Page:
Hearing – Drivers must be able to hear at least 40 dB with or without a hearing aid. Bring any hearing loss paperwork to your appointment.

Blood Pressure – Drivers shouldn’t have high blood pressure or any irregular heartbeats. 

Urinalysis – A urine test is generally to check for any diseases such as diabetes. 

Physical Examination – Drivers must have a clean bill of health and should be recovered from any previous surgeries. Doctors look at the following: 

  • General appearance
  • Eyes
  • Ears
  • Mouth and throat
  • Heart
  • Lungs and chest, excluding breast examination
  • Abdomen and viscera
  • Vascular
  • Genito-urinary
  • Extremities
  • Spine and other musculoskeletal abnormalities
  • Neurological

Arc Flash Hazard Compliant (NFPA 70E)

An arc flash is a low impedance in an electrical system. A low connection allows the movement of unwanted electric discharge through the air to one voltage phase to another. In some cases, the electric discharge bounces to the ground and leads to an explosion. This explosion is known as an arc blast, which can lead to significant fire hazards and workplace injury or death. 

Because of how dangerous arc flashes are, it is recommended by OSHA to consistently conduct assessments of all electrical equipment as well as wear proper safety gear when dealing with electrical equipment. 

Loading Dock Design Courses

Rite-Hide offers an introductory course on loading dock design and loading dock safety. It is vital to know everything about the equipment you work on. Each session is only one hour and offers information on the following: 

  • Trends affecting the loading dock
  • Dock layout considerations
  • Safety issues at the dock
  • Innovative solutions
  • Product recommendations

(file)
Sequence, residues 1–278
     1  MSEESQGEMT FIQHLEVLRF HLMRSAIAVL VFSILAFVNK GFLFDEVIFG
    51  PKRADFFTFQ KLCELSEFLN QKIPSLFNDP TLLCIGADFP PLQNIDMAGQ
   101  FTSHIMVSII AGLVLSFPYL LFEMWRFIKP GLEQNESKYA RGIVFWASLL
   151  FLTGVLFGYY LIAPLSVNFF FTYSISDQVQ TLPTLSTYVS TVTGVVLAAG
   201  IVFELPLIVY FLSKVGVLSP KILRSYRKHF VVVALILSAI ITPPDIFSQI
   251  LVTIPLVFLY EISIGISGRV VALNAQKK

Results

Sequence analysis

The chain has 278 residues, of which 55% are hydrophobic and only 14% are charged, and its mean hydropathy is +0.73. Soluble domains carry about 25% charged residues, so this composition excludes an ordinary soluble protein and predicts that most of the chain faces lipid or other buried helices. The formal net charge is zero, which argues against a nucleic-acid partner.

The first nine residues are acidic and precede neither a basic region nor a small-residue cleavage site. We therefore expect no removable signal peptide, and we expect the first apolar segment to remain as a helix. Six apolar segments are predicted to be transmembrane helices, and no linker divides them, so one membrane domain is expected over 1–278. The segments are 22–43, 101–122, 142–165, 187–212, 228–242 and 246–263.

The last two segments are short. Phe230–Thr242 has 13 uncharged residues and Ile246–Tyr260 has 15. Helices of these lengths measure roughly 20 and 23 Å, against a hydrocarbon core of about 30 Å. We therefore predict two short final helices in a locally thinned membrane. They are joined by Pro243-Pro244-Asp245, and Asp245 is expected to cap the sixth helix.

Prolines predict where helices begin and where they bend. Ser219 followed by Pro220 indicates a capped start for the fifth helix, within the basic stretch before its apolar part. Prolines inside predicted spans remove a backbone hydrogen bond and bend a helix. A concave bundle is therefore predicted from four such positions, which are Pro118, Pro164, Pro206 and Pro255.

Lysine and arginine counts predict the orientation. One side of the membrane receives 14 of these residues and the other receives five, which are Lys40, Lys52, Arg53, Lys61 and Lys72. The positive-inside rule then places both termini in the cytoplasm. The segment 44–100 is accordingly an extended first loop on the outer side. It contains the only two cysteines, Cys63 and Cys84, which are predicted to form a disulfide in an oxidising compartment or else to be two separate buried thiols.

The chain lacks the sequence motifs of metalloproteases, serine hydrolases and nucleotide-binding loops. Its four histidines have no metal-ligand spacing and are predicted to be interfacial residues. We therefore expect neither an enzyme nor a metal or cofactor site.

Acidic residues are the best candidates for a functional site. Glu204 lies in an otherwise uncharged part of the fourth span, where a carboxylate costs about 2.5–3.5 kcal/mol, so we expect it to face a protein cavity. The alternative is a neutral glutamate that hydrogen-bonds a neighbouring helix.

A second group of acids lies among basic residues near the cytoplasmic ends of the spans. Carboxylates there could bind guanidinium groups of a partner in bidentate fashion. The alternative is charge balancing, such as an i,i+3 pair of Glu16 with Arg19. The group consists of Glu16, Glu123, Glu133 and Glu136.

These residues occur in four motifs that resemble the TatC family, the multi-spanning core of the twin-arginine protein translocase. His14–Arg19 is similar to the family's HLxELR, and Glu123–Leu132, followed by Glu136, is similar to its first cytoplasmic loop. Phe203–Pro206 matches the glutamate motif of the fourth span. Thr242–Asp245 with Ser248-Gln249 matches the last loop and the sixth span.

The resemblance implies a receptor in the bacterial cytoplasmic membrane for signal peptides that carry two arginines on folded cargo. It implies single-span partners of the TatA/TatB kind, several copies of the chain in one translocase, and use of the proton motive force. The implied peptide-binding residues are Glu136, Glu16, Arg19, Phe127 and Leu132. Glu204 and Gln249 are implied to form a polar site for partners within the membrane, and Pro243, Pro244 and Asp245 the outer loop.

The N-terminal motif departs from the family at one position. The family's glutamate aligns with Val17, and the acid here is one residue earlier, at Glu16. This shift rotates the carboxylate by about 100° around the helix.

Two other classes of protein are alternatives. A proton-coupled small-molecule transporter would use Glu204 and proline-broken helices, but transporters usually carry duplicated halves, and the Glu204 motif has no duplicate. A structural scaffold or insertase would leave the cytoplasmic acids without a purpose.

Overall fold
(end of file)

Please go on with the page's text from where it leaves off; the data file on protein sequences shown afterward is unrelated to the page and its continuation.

Once you completed this short course, you are one step closer to having the qualifications necessary to perform simple and complex repairs.   

CDL Driver’s License

Some employers require a Class A, B, or C Driver’s License with a Department of Motor Vehicles (DMV) driving record acceptable to the insurance carrier. While these classifications differ in each state, they are still similar. Remember to look up the requirements for your state outside of this guide. 

  • Class A – A combination of 1 or more motor vehicles with a Gross Vehicle Weight (GVWR) greater than 26,000 lbs. where the GVWR of the vehicle being towed is less than 10,000 lbs. To obtain this license, you must be over the age of 18 and pass a written and driving test.
  • Class B – A motor vehicle with a GVWR greater than 26,000 lbs. or a motorcycle greater than 26,000 lbs. that tows a vehicle less than 10,000 lbs. To obtain this license, you must be over the age of 18 and pass a written and driving test.
  • Class C – A motor vehicle or a combination of motor vehicles with a GVWR greater than 26,000 lbs. where the GVWR of the towing vehicle is less than 26,000 lbs. A vehicle that isn’t in the Class A or B section and designed to transport more than 15 passengers. Another exception could be a vehicle that transports hazardous materials. To obtain this license, you must be over the age of 18 and pass a written and driving test.

Contact Us

Parts Brite specializes in providing American-made, top-quality aftermarket loading dock parts to businesses across the U.S. You can view all of our products online or contact us at 1-855-PARTSBRITE (1-855-727-8727) if you have any questions.